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Why motivation is garbage

WOMAN LAYING ON COUCH
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Don't feel like it? It's normal. It's the way our brains are designed.

How many times have you said to yourself, “I should mop the floor, but I just really don’t feel like it?” Or go for a run, or fold the laundry, or pay the bills, or any other necessary but unpleasant task?

I do it all the time. Sometimes I even say that about things I enjoy, like cooking dinner or going to kickboxing. I know I’ll be happier if I do it, but I often feel so unmotivated.

Guess what? Motivation is garbage.

This is Mel Robbins, author of The 5 Second Rule. She’s spent years researching habits and the way our brains respond to challenges, and has become an expert on human behavior and motivation. Her TEDx talk has been viewed nearly 10 million times, and she has something to say to those of us who find it hard to get off the couch:

“The way that our minds are wired and the fact about human beings is that we are not designed to do things that are uncomfortable or scary or difficult. Our brains are designed to protect us from those things because our brains are trying to keep us alive, and in order to change, in order to build a business, in order to be the best parent, the best spouse — to do all those things that you know you want to do with your life, with your work, with your dreams, you’re gonna have to do things that are difficult, uncertain, or scary. Which sets up this problem for all of us: you’re never gonna feel like it. Motivation’s garbage. You only feel motivated to do the things that are easy.”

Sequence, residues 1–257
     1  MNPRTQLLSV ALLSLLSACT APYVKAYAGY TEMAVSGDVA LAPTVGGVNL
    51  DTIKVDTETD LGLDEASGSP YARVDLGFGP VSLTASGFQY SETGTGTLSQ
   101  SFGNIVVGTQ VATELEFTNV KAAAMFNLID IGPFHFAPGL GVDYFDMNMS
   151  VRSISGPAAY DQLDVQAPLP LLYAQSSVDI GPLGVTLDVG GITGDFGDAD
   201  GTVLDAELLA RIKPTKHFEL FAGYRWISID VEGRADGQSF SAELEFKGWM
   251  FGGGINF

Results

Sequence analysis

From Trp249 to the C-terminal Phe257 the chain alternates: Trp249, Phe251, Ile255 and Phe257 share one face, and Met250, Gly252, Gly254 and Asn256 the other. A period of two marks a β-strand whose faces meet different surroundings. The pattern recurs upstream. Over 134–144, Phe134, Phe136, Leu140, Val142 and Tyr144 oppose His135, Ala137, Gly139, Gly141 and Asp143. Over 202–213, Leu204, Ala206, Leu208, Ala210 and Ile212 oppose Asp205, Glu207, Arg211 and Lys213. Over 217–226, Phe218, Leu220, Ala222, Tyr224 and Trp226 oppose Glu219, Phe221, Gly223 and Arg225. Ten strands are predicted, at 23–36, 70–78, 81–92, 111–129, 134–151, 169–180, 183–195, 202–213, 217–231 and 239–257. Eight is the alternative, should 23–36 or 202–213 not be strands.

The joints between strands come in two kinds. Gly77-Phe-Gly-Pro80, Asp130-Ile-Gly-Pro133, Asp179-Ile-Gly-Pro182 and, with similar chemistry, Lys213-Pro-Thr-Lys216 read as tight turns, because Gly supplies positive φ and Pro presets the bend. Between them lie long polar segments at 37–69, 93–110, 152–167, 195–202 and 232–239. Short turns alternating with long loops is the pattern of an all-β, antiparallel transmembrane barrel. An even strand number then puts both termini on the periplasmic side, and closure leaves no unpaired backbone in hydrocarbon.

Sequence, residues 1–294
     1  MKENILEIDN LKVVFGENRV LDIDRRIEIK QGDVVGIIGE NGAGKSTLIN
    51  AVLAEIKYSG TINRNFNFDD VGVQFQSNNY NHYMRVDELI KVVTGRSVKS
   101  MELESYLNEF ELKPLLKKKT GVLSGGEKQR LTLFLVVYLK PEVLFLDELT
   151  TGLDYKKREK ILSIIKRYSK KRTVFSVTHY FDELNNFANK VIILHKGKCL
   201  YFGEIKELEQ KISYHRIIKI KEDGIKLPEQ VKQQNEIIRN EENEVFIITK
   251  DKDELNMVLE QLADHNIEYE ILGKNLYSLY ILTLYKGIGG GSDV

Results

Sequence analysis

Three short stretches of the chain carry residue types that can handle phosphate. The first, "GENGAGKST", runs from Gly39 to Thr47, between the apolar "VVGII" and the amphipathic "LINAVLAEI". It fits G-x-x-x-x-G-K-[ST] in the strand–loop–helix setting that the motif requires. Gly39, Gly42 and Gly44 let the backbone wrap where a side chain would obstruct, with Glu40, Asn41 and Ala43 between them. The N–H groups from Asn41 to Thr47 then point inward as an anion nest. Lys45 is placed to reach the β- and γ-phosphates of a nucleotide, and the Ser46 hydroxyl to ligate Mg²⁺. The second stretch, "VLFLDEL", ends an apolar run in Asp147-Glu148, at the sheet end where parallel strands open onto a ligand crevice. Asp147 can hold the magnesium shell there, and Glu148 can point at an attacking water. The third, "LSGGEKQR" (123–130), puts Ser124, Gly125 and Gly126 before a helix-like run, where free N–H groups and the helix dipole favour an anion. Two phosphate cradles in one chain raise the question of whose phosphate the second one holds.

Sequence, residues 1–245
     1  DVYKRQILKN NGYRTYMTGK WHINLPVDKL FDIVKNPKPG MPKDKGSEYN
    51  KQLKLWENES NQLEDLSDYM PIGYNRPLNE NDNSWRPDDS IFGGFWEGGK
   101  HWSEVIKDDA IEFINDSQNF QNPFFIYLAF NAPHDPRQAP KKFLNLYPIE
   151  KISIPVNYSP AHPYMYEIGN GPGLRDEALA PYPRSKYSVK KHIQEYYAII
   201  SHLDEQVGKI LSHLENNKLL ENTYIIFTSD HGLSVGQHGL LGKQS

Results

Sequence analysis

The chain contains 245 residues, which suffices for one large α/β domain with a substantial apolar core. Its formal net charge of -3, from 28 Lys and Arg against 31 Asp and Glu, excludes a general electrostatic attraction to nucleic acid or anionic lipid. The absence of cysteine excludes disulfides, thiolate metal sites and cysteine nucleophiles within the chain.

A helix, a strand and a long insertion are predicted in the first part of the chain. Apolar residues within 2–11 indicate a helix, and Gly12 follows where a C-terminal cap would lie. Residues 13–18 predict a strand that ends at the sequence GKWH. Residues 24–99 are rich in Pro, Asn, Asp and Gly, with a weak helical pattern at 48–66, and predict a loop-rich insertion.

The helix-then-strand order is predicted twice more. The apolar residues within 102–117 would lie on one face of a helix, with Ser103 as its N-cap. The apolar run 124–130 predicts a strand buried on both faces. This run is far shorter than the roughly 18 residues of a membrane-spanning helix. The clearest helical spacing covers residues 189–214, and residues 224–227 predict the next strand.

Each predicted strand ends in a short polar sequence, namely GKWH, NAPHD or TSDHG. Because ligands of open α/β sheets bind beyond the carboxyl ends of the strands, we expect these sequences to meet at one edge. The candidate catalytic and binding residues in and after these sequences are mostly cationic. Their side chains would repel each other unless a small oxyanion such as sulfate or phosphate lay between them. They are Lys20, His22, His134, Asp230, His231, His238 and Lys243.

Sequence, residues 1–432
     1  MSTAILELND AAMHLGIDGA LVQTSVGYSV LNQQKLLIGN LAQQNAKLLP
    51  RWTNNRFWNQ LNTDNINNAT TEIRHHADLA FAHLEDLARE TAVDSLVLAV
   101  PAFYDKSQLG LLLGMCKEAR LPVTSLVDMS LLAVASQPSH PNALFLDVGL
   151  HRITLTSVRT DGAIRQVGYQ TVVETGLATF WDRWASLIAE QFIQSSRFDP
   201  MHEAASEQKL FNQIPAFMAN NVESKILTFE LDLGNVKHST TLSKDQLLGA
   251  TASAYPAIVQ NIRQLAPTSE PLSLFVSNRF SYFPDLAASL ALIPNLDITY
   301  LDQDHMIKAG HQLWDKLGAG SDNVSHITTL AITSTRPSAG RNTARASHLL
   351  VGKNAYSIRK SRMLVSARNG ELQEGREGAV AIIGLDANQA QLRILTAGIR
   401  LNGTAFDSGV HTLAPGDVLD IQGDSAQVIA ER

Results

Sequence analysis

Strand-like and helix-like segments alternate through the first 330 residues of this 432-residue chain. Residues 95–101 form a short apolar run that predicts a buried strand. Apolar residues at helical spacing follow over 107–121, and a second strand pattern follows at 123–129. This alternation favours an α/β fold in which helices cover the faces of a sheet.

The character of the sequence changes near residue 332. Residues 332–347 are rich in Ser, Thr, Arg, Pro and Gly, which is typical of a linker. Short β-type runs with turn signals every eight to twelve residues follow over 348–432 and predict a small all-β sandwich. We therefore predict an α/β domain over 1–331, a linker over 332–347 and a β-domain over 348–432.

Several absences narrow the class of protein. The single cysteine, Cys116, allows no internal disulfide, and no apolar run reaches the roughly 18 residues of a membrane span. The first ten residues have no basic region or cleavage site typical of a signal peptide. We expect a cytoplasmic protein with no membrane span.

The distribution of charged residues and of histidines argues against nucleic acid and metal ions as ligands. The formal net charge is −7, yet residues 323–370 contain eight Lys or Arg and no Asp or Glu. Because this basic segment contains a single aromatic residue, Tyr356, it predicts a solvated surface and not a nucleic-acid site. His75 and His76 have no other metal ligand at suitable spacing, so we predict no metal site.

Drop the mic, sister.

This is so true, and if you’re an adult you know it. Maybe not in these exact words, but you know it.

I first realized it as a new wife and mom. Suddenly I had a house and people to care for, and let me tell you how much I did not feel like doing it. I struggled so hard with doing anything, actually. Then one day my mom suggested that I make a habit of spending 10 minutes cleaning the kitchen after breakfast.

Ten minutes sounded easy, so I started doing it. And I discovered what we all must eventually discover — that the hardest part was getting started.

It always took longer than 10 minutes, because I didn’t stop cleaning when the time was up. I finished the job. And because I had started the day by tackling a task I disliked, I had a little boost of energy from that accomplishment. So I would do the laundry too, and make the bed, and maybe straighten the living room. Or sweep. Or vacuum.

Not long after that, I took up running. I never learned to like running, but I did learn something true about it: it’s so much harder to make yourself start running again if you slow down to a walk than it is to just keep running.

If I had a manta for my life as an adult, it would be the law of inertia. An object at rest stays at rest and an object in motion stays in motion. It’s probably scientific blasphemy to apply this to human behavior, but I find it helpful to remind myself of this principle when I don’t feel like doing something.

Mel Robbins is right — we’re never gonna feel like doing the hard stuff. But doing it anyway is what ends up generating motivation to do more, to work harder, to try something new. And that is where we humans find happiness — not in the avoidance of work, but in the joy of work well done.

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